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Dan Penn: 'A Little Something I Like' in Music

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Dan Penn: 'A Little Something I Like' in Music

Dan Penn: 'A Little Something I Like' in Music

Dan Penn: 'A Little Something I Like' in Music

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Hear Penn's Music

Sweet Inspiration

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You Left the Water Running

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Do Right Woman, Do Right Man

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It Tears Me Up

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Dan Penn on 'Fresh Air' in 2001

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Dan Penn in his native environment. Courtesy of conqueroo hide caption

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Courtesy of conqueroo

The late 1960s were the golden age of Soul music. In studios located in Muscle Shoals, Ala., and Memphis, Tenn., legends like Aretha Franklin, Percy Sledge and Otis Redding were recording songs that proved timeless.

Many of those classics came from Dan Penn, one of the most consistent soul songwriters. And singers like James Carr appreciated his ability to craft songs that allow singers to reach deep within, deliver music filled with emotional power — and make time stand still.

But it wasn't done without a massive effort.

"It took a lot of effort for a white person to write rhythm and blues, even in the '60s," he says. "It took a white person, me, and the black person, the artist, standing there saying come on, bring it to me, you know, let's have a song."

Penn wrote songs that became well-known hits, not only for soul singers, but also for gospel groups like the Sweet Inspirations — and even for "blue-eyed soul" from The Box Tops.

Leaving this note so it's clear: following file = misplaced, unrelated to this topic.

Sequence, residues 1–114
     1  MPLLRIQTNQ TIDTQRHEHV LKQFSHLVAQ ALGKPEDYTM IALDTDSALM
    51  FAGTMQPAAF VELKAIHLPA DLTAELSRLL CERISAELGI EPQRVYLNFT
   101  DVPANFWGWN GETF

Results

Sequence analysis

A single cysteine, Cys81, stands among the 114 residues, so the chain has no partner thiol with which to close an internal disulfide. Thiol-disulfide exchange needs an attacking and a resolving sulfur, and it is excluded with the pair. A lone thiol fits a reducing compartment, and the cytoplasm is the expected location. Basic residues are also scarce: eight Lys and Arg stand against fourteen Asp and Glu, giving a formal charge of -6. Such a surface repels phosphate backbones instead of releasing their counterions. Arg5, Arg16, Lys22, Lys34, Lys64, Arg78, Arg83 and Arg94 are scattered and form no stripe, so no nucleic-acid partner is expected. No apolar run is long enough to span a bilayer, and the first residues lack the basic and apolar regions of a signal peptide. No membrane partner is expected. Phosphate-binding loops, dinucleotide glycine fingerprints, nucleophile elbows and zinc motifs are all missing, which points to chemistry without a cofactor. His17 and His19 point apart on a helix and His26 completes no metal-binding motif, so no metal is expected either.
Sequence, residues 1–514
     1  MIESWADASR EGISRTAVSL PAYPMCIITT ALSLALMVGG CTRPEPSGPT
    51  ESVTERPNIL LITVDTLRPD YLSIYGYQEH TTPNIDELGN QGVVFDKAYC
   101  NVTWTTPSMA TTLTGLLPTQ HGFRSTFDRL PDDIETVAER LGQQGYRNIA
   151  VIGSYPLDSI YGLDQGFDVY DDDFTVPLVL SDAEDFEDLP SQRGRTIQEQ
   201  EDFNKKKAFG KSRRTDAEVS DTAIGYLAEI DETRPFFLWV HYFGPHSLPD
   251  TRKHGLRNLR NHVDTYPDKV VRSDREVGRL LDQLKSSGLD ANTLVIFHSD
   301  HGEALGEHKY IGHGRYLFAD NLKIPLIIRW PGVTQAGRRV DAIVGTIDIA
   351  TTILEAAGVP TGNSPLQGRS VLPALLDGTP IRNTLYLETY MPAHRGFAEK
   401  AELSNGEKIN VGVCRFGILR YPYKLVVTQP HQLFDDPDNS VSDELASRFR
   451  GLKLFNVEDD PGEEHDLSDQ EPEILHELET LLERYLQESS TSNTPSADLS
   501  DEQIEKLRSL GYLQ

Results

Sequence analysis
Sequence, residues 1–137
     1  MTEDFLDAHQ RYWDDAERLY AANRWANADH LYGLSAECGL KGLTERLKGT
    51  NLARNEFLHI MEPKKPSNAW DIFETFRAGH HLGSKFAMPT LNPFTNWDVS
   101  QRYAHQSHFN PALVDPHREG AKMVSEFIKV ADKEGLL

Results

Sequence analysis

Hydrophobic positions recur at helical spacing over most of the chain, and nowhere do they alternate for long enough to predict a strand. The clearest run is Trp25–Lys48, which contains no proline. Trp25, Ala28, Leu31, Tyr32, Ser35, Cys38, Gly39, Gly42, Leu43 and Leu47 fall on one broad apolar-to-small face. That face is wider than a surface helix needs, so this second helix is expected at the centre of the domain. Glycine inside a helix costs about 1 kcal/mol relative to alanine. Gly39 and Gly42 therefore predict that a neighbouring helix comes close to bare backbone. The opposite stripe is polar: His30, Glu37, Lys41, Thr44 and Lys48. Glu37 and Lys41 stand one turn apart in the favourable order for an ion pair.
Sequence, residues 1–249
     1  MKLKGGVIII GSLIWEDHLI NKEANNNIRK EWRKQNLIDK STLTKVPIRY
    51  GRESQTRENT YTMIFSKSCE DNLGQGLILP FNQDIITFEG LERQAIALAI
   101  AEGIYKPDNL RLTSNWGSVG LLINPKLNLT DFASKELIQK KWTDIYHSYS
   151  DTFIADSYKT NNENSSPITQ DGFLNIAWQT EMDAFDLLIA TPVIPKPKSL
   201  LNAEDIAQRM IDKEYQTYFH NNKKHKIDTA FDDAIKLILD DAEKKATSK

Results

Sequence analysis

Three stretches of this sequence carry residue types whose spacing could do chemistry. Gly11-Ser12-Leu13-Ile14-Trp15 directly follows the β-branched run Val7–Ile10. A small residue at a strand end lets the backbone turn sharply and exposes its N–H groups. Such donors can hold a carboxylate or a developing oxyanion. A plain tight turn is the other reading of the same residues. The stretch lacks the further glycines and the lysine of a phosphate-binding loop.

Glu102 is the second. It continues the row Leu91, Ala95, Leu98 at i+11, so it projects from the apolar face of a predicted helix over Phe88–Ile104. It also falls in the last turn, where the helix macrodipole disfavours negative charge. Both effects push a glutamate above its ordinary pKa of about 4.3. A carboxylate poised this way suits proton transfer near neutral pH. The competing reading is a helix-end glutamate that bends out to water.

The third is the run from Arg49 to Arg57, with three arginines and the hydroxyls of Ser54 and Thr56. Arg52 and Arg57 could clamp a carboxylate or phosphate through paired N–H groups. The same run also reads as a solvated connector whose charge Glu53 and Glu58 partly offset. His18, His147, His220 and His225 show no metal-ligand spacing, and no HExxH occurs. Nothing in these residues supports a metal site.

Born in Alabama in 1941, Penn grew up playing country, rockabilly and a lot of blues on guitar.

His first hit song was "Is a Bluebird Blue?" performed by a very young Conway Twitty. It was inspired, says Penn, by a friend who would respond to nearly any question with an affirming one of his own — as in, "Jed, did you make out last night?" "Is a blue bird blue?"

"I thought to myself you know, 'that'd make a good little song."

There's a down-home, conversational quality in Penn's lyrics, and there's always a strong rhythmic feel — whether it's a country or a soul song.

"I like a good groove," Penn says. "I'm not looking for a big mental statement. Just give me a groove and tell me a little something I like."

For more than 25 years, Dan Penn has lived in Nashville, where he's had success writing hits for singers like Ronnie Milsap. But his lasting love of soul makes him feel a bit like a stranger in the home of country music.

"I appreciate Nashville, it's a good city to live in, I like it," he says. "But you know, I never really been a big fan of the Nashville sound, I have to say."

Nonetheless, Penn recently returned to the studio to produce and write music for the Hacienda Brothers, a new band from Tucson, Ariz.

And he's still learning.

"These boys, the Hacienda Brothers," Penn says, "They've been taking me to school on the old country."

The Hacienda Brothers sing both classic country and soul ballads with equal conviction. You could call it the DNA at the core of their second album, What's Wrong with Right.

At 64, Penn is proud of his place in Nashville. But he remains dedicated to his first love: rhythm and blues. Every once in a while he goes on tour, playing the songs that helped teach America about a thing called Soul.

It's more common than some people might think. As is the case with the Hacienda Brothers, soul can easily blend with country, Penn says.

"But all music is soulful. I mean, a good opera is mighty soulful. You know?"

Ashley Kahn is the author of The House That Trane Built: The Story of Impulse Records.

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